Taipei and Beijing have traded barbs over a recent string of drone sorties that have flown from the Chinese mainland to an outlying Taiwanese island, some surveilling military outposts.
Photos and video taken by Chinese drones of the Kinmen islands have been circulating on both Taiwan and Chinese social media, with one video showing Taiwanese soldiers hurling rocks at one to drive it off.
Chinese foreign ministry spokesman Zhao Lijian said it was not “anything worth making a fuss about” as the drones were “flying around Chinese territory” when asked to comment on the videos on Monday.
But that response triggered an angry riposte from Taipei which compared the drone harassment to the acts of a “thief.”
“Those who come uninvited are called thieves, whether they are breaking through the door or peeping from the air, the people of Taiwan do not welcome such thieves,” Taiwan’s foreign ministry said in a statement late Monday.
“The authoritarian expansionist government of the Chinese Communist Party has always made harassing other countries a daily routine, and therefore its title of a ‘regional troublemaker’ is well-deserved.”
Taiwan lives under constant threat of invasion by China, which claims the self-ruled democratic island as part of its territory to be seized one day—by force if necessary.
Drone incursions over Kinmen have increased at the same time Beijing embarked on a show of force in retaliation for US House Speaker Nancy Pelosi’s visit to Taiwan earlier this month.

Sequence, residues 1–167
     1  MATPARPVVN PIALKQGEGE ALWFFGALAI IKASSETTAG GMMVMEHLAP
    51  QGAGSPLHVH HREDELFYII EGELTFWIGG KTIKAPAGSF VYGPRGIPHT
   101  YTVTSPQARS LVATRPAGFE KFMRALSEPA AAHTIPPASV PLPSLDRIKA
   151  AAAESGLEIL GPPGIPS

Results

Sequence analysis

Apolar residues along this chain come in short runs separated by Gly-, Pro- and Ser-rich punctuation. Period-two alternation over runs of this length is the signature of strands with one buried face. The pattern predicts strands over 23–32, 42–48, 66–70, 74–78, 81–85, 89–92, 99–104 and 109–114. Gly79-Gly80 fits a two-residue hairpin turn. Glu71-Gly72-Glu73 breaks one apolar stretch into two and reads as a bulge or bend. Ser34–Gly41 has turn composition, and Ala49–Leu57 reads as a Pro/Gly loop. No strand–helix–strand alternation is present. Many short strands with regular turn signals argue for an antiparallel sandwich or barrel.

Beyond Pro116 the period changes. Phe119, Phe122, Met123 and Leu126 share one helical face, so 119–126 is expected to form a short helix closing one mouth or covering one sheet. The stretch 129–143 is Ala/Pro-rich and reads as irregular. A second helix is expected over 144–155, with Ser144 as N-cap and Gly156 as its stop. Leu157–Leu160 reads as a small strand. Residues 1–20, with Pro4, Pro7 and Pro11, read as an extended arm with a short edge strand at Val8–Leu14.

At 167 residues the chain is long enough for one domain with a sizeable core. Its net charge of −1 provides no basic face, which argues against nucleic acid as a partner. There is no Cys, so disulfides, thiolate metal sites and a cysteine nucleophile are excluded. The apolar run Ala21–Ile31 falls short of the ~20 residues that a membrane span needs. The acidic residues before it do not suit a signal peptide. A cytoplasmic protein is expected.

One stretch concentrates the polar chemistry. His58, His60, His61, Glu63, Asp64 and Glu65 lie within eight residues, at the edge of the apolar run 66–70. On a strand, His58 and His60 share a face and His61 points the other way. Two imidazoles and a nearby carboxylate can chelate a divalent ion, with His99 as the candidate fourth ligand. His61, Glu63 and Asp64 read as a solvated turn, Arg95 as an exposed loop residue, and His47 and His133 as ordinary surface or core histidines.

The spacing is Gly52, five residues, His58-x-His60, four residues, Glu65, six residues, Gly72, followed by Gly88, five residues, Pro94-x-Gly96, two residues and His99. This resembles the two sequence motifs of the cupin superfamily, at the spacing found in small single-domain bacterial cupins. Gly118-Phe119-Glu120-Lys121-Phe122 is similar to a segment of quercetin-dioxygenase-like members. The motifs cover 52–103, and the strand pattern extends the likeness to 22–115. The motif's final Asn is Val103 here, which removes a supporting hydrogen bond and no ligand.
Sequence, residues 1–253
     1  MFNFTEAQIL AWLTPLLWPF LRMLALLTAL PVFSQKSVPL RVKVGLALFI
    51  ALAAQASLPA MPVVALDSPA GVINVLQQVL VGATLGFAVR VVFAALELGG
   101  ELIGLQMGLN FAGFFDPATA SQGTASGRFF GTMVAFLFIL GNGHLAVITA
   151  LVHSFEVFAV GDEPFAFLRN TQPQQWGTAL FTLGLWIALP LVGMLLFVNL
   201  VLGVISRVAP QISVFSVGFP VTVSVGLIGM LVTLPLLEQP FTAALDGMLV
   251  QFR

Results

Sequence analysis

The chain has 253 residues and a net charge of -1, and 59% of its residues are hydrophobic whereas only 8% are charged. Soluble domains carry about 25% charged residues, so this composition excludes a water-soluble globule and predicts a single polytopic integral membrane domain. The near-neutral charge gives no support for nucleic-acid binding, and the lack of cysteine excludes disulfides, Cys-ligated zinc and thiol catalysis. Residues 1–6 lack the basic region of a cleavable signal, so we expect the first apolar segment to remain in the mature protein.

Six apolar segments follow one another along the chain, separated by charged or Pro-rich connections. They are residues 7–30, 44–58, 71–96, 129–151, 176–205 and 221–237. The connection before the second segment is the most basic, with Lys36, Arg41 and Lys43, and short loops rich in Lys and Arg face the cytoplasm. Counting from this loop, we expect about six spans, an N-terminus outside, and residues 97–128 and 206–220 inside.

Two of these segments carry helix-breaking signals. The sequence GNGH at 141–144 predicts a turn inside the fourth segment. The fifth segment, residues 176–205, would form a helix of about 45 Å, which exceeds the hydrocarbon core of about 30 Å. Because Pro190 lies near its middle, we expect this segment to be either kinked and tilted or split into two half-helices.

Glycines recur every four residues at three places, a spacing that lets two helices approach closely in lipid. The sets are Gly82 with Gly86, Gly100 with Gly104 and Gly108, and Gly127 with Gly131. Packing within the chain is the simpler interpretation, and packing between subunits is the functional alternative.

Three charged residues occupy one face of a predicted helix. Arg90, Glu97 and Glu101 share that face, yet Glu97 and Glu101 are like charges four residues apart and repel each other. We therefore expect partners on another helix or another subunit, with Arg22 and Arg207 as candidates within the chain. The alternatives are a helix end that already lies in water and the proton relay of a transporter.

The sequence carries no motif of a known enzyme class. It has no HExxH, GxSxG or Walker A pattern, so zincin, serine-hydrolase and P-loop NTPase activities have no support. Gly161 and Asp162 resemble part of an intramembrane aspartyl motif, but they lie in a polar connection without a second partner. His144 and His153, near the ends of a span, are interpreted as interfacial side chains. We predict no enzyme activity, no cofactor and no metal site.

For a week after Pelosi’s visit, China sent warships, missiles, and fighter jets into the waters and skies around Taiwan, its largest and most aggressive exercises since the mid-1990s.
It is not clear who is flying the drones from the Chinese mainland.
Kinmen lies just a few kilometres off China’s coast meaning a civilian could feasibly fly a commercial drone that distance.
However, China has also stepped up so-called “greyzone” tactics against Taiwan in recent years to pressure the island.
Greyzone is a term used by military analysts to describe aggressive actions by a state that stop short of open warfare and can use civilians.
Civilian Chinese fishing and sand dredging vessels, for example, have increasingly entered into waters around Taiwanese outlying islands in recent years.
China has also ramped up incursions by warplanes into Taiwan’s air defence identification zone, an area it previously tended to avoid.
Taiwan’s defense ministry has so far only fired flares to warn off the drones but it has said it will take “necessary counter measures” including shooting down the drones if needed.